Comments on Evans & Schmalensee´s The Industrial Organization of Markets with Two-Sided Platforms

Janusz Ordover, Apr 19, 2007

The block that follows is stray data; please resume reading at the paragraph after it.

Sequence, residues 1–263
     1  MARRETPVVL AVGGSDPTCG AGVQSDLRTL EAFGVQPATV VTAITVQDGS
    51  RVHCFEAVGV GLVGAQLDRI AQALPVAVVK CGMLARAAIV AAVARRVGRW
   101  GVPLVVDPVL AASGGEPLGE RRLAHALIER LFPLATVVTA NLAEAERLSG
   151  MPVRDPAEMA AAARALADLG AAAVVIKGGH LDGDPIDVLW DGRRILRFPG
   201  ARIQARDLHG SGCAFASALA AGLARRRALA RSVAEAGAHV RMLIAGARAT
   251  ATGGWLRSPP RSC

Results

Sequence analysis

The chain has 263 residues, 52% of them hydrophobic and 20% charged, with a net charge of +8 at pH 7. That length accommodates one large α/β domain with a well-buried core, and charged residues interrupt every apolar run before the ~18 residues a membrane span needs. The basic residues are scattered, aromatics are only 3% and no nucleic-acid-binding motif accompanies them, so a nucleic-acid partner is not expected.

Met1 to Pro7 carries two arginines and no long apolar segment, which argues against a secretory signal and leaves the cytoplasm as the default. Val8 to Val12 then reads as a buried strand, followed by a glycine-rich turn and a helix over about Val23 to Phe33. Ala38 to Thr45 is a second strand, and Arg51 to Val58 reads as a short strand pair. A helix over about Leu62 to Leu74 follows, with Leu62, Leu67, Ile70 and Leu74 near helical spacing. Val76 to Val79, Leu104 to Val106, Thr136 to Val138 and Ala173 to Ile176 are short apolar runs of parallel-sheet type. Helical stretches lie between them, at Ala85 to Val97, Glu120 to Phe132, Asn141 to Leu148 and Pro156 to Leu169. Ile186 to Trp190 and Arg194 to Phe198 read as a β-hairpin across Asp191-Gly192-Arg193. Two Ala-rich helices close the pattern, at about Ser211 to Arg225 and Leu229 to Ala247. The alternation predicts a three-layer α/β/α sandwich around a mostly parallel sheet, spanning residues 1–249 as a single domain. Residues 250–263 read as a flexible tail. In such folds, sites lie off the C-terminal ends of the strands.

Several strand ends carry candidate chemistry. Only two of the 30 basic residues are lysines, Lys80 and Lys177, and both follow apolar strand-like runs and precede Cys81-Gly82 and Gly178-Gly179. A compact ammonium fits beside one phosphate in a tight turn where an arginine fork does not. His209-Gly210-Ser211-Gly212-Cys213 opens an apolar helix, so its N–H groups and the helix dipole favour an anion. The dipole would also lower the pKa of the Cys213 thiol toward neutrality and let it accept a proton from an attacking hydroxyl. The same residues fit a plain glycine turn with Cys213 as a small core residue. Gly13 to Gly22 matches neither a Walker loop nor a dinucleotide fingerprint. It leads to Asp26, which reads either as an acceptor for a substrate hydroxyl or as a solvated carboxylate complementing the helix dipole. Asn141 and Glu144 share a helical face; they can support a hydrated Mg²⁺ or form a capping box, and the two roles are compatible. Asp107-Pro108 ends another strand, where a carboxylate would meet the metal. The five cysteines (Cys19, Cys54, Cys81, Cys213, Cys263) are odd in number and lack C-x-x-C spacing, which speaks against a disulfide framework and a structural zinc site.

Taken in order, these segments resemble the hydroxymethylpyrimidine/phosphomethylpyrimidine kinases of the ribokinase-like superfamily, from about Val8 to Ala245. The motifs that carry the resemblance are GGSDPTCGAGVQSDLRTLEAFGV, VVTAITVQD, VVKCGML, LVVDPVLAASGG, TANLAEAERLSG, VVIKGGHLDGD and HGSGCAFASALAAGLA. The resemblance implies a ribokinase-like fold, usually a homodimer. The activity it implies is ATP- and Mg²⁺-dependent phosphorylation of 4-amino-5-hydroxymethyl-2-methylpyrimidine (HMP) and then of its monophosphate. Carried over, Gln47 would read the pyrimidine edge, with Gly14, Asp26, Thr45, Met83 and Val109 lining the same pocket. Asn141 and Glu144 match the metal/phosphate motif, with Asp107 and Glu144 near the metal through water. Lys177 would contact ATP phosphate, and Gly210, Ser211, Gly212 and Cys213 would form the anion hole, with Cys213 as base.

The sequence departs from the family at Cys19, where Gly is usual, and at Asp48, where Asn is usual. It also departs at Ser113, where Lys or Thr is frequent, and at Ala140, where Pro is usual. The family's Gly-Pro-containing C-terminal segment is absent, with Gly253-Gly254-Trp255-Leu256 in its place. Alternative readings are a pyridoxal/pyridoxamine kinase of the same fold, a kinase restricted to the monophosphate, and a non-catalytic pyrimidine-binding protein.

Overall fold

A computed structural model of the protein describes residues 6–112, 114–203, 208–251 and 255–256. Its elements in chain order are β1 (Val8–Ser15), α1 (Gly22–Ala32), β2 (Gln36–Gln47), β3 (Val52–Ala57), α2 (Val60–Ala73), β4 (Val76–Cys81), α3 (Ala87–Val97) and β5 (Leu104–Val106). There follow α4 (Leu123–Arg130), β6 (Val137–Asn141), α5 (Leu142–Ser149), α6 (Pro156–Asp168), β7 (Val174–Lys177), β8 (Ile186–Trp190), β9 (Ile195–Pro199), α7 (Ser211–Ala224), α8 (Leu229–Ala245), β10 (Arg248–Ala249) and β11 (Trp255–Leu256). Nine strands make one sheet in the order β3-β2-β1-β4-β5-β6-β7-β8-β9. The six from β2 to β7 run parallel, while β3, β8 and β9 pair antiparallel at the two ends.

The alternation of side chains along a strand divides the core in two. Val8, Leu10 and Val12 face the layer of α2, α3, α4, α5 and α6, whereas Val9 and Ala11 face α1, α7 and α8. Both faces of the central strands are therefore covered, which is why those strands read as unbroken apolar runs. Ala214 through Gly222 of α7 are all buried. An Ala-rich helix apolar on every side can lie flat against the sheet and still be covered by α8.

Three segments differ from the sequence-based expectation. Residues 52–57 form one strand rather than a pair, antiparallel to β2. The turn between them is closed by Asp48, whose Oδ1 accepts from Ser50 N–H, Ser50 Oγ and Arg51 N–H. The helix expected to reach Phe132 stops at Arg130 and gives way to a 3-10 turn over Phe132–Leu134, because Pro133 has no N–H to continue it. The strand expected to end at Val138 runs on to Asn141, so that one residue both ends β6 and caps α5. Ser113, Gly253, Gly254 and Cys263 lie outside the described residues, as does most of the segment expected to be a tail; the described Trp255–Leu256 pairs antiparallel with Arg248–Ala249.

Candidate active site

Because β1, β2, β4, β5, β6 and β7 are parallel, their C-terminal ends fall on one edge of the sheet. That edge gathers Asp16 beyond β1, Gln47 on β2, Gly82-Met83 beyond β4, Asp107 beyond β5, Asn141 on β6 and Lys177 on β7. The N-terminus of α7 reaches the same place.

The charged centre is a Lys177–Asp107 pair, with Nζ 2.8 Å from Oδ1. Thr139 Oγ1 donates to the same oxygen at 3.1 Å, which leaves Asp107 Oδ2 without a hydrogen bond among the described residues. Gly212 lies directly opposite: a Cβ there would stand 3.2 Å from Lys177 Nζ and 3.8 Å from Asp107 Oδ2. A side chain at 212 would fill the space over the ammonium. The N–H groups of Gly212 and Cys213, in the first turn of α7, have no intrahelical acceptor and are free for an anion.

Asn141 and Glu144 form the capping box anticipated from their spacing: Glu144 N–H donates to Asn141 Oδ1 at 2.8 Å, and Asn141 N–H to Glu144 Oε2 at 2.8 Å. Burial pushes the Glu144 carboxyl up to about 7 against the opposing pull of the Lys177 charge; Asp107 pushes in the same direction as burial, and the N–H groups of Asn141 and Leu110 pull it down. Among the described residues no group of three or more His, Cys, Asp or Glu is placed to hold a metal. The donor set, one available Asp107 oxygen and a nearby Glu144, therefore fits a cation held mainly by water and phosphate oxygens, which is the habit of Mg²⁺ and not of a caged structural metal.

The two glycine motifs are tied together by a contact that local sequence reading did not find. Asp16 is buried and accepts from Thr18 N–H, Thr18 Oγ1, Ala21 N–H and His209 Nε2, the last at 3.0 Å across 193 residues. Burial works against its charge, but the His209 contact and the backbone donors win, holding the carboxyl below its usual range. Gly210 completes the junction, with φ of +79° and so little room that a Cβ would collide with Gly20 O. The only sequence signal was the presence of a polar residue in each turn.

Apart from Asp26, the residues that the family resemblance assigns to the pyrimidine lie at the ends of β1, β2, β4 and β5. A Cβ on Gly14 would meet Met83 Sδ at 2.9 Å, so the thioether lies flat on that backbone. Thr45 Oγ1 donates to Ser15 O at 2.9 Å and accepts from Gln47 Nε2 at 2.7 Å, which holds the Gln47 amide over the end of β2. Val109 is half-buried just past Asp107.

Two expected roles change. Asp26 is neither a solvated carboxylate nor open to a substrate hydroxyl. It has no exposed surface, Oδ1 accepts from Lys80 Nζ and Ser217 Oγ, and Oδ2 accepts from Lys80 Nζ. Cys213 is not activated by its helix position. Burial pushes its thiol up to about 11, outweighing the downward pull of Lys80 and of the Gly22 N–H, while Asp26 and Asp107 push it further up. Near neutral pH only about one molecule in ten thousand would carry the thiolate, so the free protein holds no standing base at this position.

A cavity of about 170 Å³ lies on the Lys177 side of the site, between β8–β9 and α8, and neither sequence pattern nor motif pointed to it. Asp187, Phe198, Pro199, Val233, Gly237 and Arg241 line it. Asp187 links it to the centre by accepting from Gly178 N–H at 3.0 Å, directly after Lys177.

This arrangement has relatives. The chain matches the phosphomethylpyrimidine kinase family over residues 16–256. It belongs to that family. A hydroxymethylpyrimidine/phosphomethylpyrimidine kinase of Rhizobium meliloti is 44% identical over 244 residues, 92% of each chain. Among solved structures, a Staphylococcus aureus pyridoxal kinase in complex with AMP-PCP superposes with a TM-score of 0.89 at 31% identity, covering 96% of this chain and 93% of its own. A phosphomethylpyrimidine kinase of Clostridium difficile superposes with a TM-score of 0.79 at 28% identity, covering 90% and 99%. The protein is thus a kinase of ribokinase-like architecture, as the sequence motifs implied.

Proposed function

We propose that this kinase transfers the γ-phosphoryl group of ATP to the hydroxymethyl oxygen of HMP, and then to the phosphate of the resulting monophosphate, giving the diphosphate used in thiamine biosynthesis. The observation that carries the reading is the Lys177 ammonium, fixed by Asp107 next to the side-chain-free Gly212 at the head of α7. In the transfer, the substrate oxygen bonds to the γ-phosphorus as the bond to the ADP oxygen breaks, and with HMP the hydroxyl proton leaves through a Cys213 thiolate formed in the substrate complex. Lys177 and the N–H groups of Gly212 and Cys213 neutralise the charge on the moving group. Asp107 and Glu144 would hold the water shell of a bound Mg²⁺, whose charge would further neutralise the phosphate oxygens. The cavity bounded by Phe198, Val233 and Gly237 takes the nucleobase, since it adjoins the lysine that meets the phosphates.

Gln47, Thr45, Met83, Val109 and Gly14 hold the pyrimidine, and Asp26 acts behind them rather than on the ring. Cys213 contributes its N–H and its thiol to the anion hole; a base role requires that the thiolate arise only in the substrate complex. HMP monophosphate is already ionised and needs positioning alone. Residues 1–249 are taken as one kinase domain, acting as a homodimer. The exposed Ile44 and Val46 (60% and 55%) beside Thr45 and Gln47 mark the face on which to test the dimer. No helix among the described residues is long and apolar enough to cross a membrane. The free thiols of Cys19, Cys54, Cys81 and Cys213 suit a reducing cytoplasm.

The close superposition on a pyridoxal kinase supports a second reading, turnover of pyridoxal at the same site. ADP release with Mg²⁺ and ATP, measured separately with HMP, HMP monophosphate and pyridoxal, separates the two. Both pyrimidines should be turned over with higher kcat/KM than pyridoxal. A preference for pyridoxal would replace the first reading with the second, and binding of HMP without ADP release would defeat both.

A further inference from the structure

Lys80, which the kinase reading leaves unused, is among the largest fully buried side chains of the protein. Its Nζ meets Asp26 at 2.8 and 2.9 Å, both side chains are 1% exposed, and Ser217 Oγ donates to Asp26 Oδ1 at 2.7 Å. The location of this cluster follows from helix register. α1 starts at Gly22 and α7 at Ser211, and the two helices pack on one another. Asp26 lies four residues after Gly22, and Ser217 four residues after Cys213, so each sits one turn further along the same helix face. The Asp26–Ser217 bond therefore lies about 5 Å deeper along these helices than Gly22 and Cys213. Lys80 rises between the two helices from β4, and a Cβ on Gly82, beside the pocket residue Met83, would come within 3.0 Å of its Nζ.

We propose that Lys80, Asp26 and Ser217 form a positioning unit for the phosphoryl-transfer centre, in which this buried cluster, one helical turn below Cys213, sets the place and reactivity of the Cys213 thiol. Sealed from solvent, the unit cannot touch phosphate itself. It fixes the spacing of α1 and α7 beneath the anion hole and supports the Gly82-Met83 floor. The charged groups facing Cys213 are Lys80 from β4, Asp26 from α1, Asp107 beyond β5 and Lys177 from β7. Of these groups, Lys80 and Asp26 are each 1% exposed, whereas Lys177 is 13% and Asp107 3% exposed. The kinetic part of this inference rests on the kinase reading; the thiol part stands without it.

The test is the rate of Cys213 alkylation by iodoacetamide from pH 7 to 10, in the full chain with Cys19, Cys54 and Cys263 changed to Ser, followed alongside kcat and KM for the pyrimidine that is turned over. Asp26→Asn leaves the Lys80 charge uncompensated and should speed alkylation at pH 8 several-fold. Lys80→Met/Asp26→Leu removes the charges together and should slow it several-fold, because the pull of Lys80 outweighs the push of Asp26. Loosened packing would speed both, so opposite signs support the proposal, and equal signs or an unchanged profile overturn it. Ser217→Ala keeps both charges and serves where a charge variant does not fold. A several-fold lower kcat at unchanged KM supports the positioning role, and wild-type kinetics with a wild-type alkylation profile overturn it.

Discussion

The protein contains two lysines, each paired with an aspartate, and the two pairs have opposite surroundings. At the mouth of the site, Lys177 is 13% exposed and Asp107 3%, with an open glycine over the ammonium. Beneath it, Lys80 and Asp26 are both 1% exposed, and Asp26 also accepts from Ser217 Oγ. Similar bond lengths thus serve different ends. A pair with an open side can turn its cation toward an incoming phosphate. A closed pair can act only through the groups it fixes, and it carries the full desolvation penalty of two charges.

A freshman student in economics or a Nobel prize-winning macroeconomist who has lately stumbled across a journal or two in industrial organization economics may be somewhat perplexed or confused by many references to two-sided markets. Surely, is it not the case that all markets have two sides, namely buyers and sellers? Consequently, to the uninitiated, the concept of a two-sided market offers little, if any, additional analytical insight. Some of that confusion is perhaps dispelled by a more informative description, namely: markets with two-sided platforms. So for the rest of this paper, we shall forget about two-sided markets and speak of two-sided platforms (2SP) and of markets in which these 2SPs compete. Professors David Evans and Richard Schmalensee (hereinafter E&S), who have done more than most of the thinking about the economics of 2SPs and advocating the importance of the idea to other academics, lawyers, policymakers, and business people, offer a highly accessible survey of the state of play in their excellent contribution to this volume. It is important to recognize that, perhaps without knowing so, economists have studied 2SPs for quite some time (i.e., way before the term was invented) as have competition authorities and the courts. And, of course, business people, who generally are ahead of theoreticians in such matters, have also intuitively understood the specific pricing and marketing challenges that have to be solved in or…

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